Intraoperative pain responses following intraovarian versus mesovarian injection of lidocaine in mares undergoing laparoscopic ovariectomy

Ellis G. Farstvedt Department of Clinical Sciences, College of Veterinary Medicine and Biomedical Sciences, Colorado State University, Fort Collins, CO 80523.
Present address is Panorama Equine Medical and Surgical Center, 10302 Old Oregon Trail, Redding, CA 96003.

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Dean A. Hendrickson Department of Clinical Sciences, College of Veterinary Medicine and Biomedical Sciences, Colorado State University, Fort Collins, CO 80523.

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Abstract

Objective—To compare intraoperative pain responses following intraovarian versus mesovarian injection of lidocaine in mares undergoing laparoscopic ovariectomy.

Design—Randomized controlled trial.

Animals—15 mares between 4 and 20 years old.

Procedure—Standard bilateral laparoscopic ovariectomy was performed. Prior to manipulation of the ovary, 2% lidocaine (10 mL) was injected into the ovary and saline (0.9% NaCl) solution (10 mL) was injected into the mesovarium on 1 side, with saline solution (10 mL) injected into the ovary and 2% lidocaine (10 mL) injected into the mesovarium on the other side. Presence (yes vs no) and severity (visual analogue scale) of pain were scored at 5 times (grasping of the ovary, dissection of the mesosalpinx, tightening of the first loop ligature, tightening of the second loop ligature, and transection of the ovarian pedicle) by 2 individuals blinded to treatment and each other's observations.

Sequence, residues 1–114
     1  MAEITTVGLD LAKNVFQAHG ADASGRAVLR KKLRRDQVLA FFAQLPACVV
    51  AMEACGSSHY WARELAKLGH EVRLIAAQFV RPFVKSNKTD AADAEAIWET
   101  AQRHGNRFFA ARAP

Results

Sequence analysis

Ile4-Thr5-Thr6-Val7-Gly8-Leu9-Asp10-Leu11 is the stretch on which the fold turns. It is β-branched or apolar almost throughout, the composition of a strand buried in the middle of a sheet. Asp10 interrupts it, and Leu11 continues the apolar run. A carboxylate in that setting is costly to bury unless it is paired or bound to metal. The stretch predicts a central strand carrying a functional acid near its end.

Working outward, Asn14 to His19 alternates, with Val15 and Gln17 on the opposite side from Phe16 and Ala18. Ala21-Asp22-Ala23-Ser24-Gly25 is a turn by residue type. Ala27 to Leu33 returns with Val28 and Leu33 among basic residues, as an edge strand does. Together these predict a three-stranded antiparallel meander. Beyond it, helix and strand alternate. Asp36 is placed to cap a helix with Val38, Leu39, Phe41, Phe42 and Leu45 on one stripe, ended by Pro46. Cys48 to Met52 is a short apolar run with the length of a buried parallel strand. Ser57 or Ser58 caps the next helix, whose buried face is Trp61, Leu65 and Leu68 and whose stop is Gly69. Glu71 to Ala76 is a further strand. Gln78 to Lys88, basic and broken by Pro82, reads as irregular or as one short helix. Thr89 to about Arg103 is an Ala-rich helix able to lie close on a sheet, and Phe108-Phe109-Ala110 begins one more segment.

Results—During 4 of the 5 observation periods, significantly fewer mares had signs of pain following mesovarian injection of lidocaine, and during 2 of the 5 observation periods, visual analogue scale score was significantly lower.

Conclusions and Clinical Relevance—Results suggest that mesovarian injection of lidocaine is associated with significantly lower pain responses, compared with intraovarian injection, in horses undergoing laparoscopic ovariectomy. (J Am Vet Med Assoc 2005;227:593–596)

Abstract

Objective—To compare intraoperative pain responses following intraovarian versus mesovarian injection of lidocaine in mares undergoing laparoscopic ovariectomy.

Design—Randomized controlled trial.

Animals—15 mares between 4 and 20 years old.

Procedure—Standard bilateral laparoscopic ovariectomy was performed. Prior to manipulation of the ovary, 2% lidocaine (10 mL) was injected into the ovary and saline (0.9% NaCl) solution (10 mL) was injected into the mesovarium on 1 side, with saline solution (10 mL) injected into the ovary and 2% lidocaine (10 mL) injected into the mesovarium on the other side. Presence (yes vs no) and severity (visual analogue scale) of pain were scored at 5 times (grasping of the ovary, dissection of the mesosalpinx, tightening of the first loop ligature, tightening of the second loop ligature, and transection of the ovarian pedicle) by 2 individuals blinded to treatment and each other's observations.

Results—During 4 of the 5 observation periods, significantly fewer mares had signs of pain following mesovarian injection of lidocaine, and during 2 of the 5 observation periods, visual analogue scale score was significantly lower.

Conclusions and Clinical Relevance—Results suggest that mesovarian injection of lidocaine is associated with significantly lower pain responses, compared with intraovarian injection, in horses undergoing laparoscopic ovariectomy. (J Am Vet Med Assoc 2005;227:593–596)

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